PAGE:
Thyroid Autoantibodies Tests

Thyroid autoantibodies are antibodies that develop when a person’s immune system wrongly targets components of the thyroid gland or thyroid proteins. This can lead to chronic inflammation of the thyroid (thyroiditis), tissue damage, and/or disruption of thyroid function. Laboratory tests detect the presence of specific thyroid autoantibodies and measure its quantity in the blood.

 

Interpretaions of the Tests

  • Negative test results means that thyroid autoantibodies are not present in the blood at the time of testing. And it may also indicate that the symptoms are due to a cause apart from autoimmune.
  • Mild to moderately elevated levels of thyroid antibodies may be found in many thyroid and autoimmune disorders, such as thyroid cancer, type 1 diabetes, rheumatoid arthritis, pernicious anemia, and autoimmune collagen vascular diseases.
  • Significantly increased concentrations most frequently indicate thyroid autoimmune diseases such as Hashimoto thyroiditis and Graves disease.

 

Things Must Keep in Mind

  • A certain percentage of people who have autoimmune thyroid disease do not have autoantibodies. If it is suspected that the autoantibodies may develop over time, which is true with some autoimmune disorders, then repeat testing is recommended at a later date.
  • if these antibodies are present in a pregnant woman, the risk of hypothyroidism or hyperthyroidism can increase in the developing baby or newborn.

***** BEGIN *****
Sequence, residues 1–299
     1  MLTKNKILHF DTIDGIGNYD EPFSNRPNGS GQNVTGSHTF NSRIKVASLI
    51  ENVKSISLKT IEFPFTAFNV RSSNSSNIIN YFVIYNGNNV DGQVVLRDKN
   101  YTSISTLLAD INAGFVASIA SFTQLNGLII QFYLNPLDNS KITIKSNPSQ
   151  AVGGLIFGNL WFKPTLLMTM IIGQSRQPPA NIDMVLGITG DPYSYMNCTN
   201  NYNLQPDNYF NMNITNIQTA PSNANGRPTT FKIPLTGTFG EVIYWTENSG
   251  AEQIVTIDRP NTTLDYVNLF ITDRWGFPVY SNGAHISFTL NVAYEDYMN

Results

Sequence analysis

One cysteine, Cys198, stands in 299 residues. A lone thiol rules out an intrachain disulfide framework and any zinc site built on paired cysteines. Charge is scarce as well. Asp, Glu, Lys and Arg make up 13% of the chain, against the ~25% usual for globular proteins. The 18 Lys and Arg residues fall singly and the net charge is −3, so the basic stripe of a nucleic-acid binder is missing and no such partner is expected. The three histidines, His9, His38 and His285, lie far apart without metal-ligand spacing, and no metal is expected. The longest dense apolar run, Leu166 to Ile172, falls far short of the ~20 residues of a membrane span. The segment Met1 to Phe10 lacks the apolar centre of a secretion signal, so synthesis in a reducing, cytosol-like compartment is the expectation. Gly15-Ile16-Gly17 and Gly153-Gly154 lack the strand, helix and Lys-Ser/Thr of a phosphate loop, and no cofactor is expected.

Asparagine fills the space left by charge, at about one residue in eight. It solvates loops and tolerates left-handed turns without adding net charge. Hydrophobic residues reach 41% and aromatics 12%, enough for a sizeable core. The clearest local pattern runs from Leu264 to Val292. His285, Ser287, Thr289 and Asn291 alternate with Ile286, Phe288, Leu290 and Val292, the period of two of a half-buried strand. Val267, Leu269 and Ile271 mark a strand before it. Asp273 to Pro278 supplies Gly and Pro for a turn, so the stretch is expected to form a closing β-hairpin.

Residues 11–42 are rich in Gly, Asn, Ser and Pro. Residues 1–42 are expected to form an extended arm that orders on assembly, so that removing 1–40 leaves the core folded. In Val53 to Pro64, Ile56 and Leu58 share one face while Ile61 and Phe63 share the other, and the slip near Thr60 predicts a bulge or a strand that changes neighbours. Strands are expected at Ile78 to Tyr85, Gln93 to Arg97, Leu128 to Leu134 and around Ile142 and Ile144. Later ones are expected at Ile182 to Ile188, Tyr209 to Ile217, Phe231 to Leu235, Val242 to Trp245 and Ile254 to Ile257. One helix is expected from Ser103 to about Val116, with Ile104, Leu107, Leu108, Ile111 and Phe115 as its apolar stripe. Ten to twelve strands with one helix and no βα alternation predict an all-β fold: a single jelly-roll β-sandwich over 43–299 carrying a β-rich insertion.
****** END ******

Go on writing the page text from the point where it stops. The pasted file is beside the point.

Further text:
• If a person with thyroid cancer has thyroglobulin antibodies, they may interfere with tests for thyroglobulin levels. This may mean that the thyroglobulin test cannot be used as a tumor marker or to monitor the individual’s thyroid cancer.
  • A certain percentage of people who are healthy may be positive for one or more thyroid antibodies. The prevalence of these antibodies tends to be higher in women, tends to increase with age.
  • If an individual with no apparent thyroid dysfunction has a thyroid antibody, the healthcare provider will track the person’s health over time. While most may never experience thyroid dysfunction, a few may develop it.

Keywords: thyroid autoantibodies; immune system; autoimmune; thyroid cancer; thyroid dysfunction

* The Content is not intended to be a substitute for professional medical advice, diagnosis, or treatment. Always seek the advice of your physician or other qualified health provider with any questions you may have regarding a medical condition.